Why a Little Nepotism this Off Season may Help a Suddenly Struggling Eagles Franchise
Clemson Notre Dame Football
Clemson linebacker Jeremiah Trotter Jr. (54) during the 4th quarter Saturday, November 4, 2023 at Clemson's Memorial Stadium. Bart Boatwright/The Clemson Insider
Although the Eagles got off to a fantastic start this year, their struggles of late can be attributed to a multitude of issues. These issues include, but are not limited to, their head coach’s inability and or unwillingness to change his play calling this year (which is an article for another day) to a much more deep-rooted problem that has been going on now for decades of which I would like to discuss in this article.
For far too long, the Philadelphia Eagles have been known to draft from a position of WANT rather than from a position of NEED. This, of course, has been the case since the days when both Andy Reid and Jim Johnson were patrolling the Eagles sidelines. When all the team ever seemed to want to do back then was draft offensive and defensive linemen.
To date, little has changed. The line here in Philly is still a position of extreme depth, while other areas on the field continue to be exploited by the opposition year after year. In saying that, I do feel the Eagles’ current General Manager, Howie Roseman, has done a better job than his predecessors in the way of acquiring offensive weapons, especially when it comes to making trades to aid his still young and developing quarterback.
However, recently, all Howie seems to be enamored by in the draft is those darn Georgia Bulldogs. Who could blame him, though, right? This fascination, of course, started when Howie decided to select Georgia’s 6’6, 336-pound defensive lineman Jordan Davis with the team’s first-round pick in 2022—a player who seems to possess herculean-like strength. Roseman then followed it up by taking Georgia linebacker Nakobe Dean in the third round that same year, who had just won the NCAA’s Butkus Award for being the Nation’s best linebacker but who has struggled to stay healthy ever since.
With those two already in the nest, I guess it seemed almost like fate when Georgia’s defensive lineman Jalen Carter fell to them at ninth overall in 2023. Not to mention, fellow Bulldog Nolan Smith (the most athletic linebacker in the draft that year) somehow still being there at 30 when the team was due to make their second selection of the first round. But as if that wasn’t enough dogs to feed, Howie decided to go back to the pound again when he dialed that oh-so-familiar 706 area code in the fourth round when he took Georgia cornerback Kelee Ringo with the one hundred and fifth overall pick.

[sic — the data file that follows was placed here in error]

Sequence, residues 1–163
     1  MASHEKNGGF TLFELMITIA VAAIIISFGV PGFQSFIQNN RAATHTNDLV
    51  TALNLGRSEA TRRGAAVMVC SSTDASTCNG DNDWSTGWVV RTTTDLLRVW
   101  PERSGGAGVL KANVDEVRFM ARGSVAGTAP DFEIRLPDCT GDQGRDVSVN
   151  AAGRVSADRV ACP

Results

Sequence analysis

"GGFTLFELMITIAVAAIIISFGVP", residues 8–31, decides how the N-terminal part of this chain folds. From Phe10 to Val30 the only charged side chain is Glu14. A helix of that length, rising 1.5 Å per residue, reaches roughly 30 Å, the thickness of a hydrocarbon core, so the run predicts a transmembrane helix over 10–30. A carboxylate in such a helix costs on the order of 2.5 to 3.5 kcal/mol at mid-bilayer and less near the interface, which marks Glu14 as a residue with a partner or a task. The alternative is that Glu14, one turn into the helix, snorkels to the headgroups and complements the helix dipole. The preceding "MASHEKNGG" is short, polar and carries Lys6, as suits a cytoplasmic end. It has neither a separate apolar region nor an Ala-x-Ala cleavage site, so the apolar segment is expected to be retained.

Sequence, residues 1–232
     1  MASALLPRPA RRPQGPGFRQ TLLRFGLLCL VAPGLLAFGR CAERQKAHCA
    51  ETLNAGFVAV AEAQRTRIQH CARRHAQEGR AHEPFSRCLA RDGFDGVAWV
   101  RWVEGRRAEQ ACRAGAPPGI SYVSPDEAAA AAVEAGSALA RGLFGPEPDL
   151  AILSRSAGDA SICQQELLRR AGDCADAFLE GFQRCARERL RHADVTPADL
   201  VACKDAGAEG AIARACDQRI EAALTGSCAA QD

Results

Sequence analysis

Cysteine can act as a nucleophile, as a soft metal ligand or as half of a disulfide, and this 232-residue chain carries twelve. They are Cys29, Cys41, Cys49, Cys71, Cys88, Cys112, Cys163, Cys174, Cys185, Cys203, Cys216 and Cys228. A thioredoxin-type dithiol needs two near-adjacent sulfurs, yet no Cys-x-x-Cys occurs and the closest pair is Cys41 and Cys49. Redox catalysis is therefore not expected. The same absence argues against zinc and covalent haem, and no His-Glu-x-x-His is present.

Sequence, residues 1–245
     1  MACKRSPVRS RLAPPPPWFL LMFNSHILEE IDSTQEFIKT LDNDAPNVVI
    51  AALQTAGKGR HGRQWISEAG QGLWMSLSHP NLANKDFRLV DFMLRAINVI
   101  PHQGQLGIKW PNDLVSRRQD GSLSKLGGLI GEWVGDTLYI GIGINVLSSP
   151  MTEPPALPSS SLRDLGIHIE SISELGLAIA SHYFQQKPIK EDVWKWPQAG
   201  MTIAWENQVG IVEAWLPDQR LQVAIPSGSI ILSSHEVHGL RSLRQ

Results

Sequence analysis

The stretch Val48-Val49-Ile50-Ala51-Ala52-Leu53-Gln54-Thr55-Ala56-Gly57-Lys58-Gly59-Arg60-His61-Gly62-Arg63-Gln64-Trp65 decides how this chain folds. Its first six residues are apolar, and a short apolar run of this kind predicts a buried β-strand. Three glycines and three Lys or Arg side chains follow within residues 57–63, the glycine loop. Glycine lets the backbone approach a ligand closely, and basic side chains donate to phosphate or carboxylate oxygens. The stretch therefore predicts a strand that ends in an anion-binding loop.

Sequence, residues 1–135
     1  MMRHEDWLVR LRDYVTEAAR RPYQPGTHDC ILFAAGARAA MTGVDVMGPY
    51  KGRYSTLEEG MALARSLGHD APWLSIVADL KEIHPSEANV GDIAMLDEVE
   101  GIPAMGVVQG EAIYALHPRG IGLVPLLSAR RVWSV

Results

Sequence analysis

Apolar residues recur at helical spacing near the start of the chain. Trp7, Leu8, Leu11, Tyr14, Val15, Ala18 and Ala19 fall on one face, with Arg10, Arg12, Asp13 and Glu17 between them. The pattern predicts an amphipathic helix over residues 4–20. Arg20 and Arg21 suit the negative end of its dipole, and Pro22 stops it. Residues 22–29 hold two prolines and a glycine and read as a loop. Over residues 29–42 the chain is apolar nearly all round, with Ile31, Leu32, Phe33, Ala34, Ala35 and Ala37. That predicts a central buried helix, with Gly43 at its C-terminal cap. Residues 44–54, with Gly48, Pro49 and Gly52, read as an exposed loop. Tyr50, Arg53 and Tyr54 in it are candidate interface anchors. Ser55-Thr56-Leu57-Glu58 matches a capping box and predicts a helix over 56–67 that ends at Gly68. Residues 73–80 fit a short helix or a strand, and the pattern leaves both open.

Now, I don’t know about you, but besides Jalen Carter being able to accumulate six sacks this year, no other Georgia Bulldog on the defensive side of the ball that the team has drafted has shown me anything besides a couple of flashes here and there to make me think they may be one day worth their inflated draft stock.
That’s why this off-season, I would urge Howie to choke down his impulses of drafting another player from Athens and instead focus on selecting players who could sure up some glaring holes on this team’s depth charts.
And to me, a large majority of those holes would be on the defensive side of the ball. As previously stated, the Eagles’ defensive line is one of the league’s best. Still, once you get beyond that, the only person in the Eagles’ secondary that remotely scares the opposition now is safety Reed Blankenship. Therefore, Philadelphia would be wise to try and go after a shutdown corner like Terrion Arnold from Alabama with their first-round selection. Terrion, who is 6’0 and 196 pounds, had 63 tackles, one sack, 12 pass deflections, five interceptions, and a forced fumble this season, would be welcomed attention to an ever-aging CB core that a 33-year-old Darius Slay and a 30-year-old James Bradberry are currently leading.